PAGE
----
Sunday, December 19, 2010

Audi RS6: Changing Engine Oil and Filter

There are not many car people that require a Do-It-Yourself on how to change the oil, but the RS6 is one vehicle that is not very straightforward. The oil change is a bit more involved, but the oil change interval is 10,000 miles so you you won't have to do it that often. Most dealerships will charge $400-$500 for an oil change on this car and that includes fluids, filter, and labor.

You can purchase the OEM Audi/VW, which is Castrol TXT 505.01 specification synthetic oil. You will have a difficult time finding this oil at anywhere other than the dealership or speed shop. If you are interested in an oil that meets the 505.01 specification, but exceeds it in wear protection and performance, check out QuantumBlue from BND Automotive. Call Brian and ask him about their special blend for the RS6.

Tools you will need:
  • T55 Torx
  • Oil filter wrench that fits the OEM filter
  • 3/8" universal socket
  • Two 3/8" long extensions
  • Short flat headed screwdriver
  1. Start the car up for 10 minutes before starting the steps below as it will help the oil drain quicker.
  2. Jack up both sides of the front of the car high enough that the wheels are off the ground. Place jack stands under the chassis for safety.
  3. Remove the passenger side wheel.

  4. Remove the undertray using a flat headed screw driver. There are 9 quarter turn fasteners on the bottom of the undertray and 2 plastic quarter turn fasteners in the wheel well area.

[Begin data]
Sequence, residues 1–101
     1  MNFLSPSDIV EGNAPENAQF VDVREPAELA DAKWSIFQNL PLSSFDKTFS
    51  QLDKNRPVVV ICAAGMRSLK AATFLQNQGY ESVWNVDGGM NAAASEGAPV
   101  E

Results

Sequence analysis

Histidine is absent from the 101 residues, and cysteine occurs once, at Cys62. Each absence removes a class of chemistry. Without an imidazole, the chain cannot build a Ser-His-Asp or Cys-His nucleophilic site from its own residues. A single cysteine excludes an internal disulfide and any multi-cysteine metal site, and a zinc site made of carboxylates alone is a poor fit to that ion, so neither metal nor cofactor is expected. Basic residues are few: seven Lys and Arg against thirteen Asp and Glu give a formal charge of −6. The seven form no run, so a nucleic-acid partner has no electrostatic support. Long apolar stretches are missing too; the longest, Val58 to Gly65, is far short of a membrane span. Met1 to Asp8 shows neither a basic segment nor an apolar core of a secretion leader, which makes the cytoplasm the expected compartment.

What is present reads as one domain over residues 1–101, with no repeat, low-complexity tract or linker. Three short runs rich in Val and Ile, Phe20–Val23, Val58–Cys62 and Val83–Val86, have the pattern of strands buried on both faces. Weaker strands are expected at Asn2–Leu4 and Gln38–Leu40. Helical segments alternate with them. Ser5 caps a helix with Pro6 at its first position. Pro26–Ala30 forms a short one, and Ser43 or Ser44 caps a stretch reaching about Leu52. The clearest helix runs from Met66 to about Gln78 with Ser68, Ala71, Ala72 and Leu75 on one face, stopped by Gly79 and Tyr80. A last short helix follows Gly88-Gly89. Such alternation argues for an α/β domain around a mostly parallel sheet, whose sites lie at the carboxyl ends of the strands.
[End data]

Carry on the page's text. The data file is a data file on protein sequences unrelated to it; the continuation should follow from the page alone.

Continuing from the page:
5. Place a large oil pan below the engine and use the T55 Torx bit to drain the oil. If you oil pan is smaller than 3 gallons, you will probably want to stop the draining process when the pan fills up. It is easy to forget the quantity of oil in the engine and have your pan overflow. Remove the oil filler cap on top of the engine to allow all of the oil to drain freely.
  6. Locate the two nuts on the swaybar bushings. If both front wheels are off the ground you should not have any tension on the swaybar. Remove all four nuts and pull the sway down a few inches.

  7. Assemble the oil filter wrench, universal socket, extensions like the following:

  8. Look inside the passenger wheel you should be able see the back of the oil filter through a hole near the front of the axle.

  9. Attach the wrench and socket to the oil filter and turn counter clockwise. After breaking the filter loose, you should be able to turn it off by hand. Be sure to have the oil pan below this area to catch the spilled oil. 
  10. Take the oil filter off of the mount and then lower it down through the gap created from disconnecting the sway bar.
  11. Let all of the oil drain from the car. Clean up any spilled oil on the chassis.
  12. Put a thin bead of new oil on the seal of the new oil filter. Install oil filter and tighten.
  13. Put the drain plug back into oil pan and tighten.
  14. Fill engine up with 2 gallons of new oil. Start engine for 1 minute and turn off.
  15. Check oil level and fill until the full mark on dip stick.
  16. Check for any leaks.
  17. Install undertray.
  18. Smile after saving $250 of dealer labor.
Contact me if you have any question.

    Saturday, December 18, 2010

    Audi RS6: Sportec Lower Air Vent Modification

    If you are a fan or owner of the Audi RS6, you probably have heard of the Sportec RS600. Sportec took the stock RS6, added bigger turbos, and a few other unique modifications. One of the biggest problems with the 4.2L turbo engine in the RS6 is that it gets very hot. Since heat is a performance and economy killer, getting rid of that heat is a good thing. Sportec came up with a solution to the heat problem that is easy to copy and apply to your car.